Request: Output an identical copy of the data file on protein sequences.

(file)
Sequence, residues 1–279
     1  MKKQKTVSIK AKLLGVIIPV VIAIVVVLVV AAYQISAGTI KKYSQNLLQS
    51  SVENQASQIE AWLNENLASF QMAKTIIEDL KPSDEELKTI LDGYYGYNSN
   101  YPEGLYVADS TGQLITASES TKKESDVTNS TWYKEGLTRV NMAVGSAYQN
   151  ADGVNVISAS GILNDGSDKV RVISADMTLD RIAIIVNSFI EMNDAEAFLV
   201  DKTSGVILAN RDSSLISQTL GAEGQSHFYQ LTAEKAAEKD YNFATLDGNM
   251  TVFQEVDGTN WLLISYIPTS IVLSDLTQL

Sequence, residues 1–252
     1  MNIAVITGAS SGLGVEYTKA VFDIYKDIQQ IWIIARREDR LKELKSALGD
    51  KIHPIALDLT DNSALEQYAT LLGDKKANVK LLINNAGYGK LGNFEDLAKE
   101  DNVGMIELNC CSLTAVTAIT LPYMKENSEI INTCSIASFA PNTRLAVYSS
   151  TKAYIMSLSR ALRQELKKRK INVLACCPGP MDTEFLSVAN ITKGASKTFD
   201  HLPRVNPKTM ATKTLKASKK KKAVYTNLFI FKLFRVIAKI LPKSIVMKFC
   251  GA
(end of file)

Sequence, residues 1–279
     1  MKKQKTVSIK AKLLGVIIPV VIAIVVVLVV AAYQISAGTI KKYSQNLLQS
    51  SVENQASQIE AWLNENLASF QMAKTIIEDL KPSDEELKTI LDGYYGYNSN
   101  YPEGLYVADS TGQLITASES TKKESDVTNS TWYKEGLTRV NMAVGSAYQN
   151  ADGVNVISAS GILNDGSDKV RVISADMTLD RIAIIVNSFI EMNDAEAFLV
   201  DKTSGVILAN RDSSLISQTL GAEGQSHFYQ LTAEKAAEKD YNFATLDGNM
   251  TVFQEVDGTN WLLISYIPTS IVLSDLTQL

Sequence, residues 1–252
     1  MNIAVITGAS SGLGVEYTKA VFDIYKDIQQ IWIIARREDR LKELKSALGD
    51  KIHPIALDLT DNSALEQYAT LLGDKKANVK LLINNAGYGK LGNFEDLAKE
   101  DNVGMIELNC CSLTAVTAIT LPYMKENSEI INTCSIASFA PNTRLAVYSS
   151  TKAYIMSLSR ALRQELKKRK INVLACCPGP MDTEFLSVAN ITKGASKTFD
   201  HLPRVNPKTM ATKTLKASKK KKAVYTNLFI FKLFRVIAKI LPKSIVMKFC
   251  GA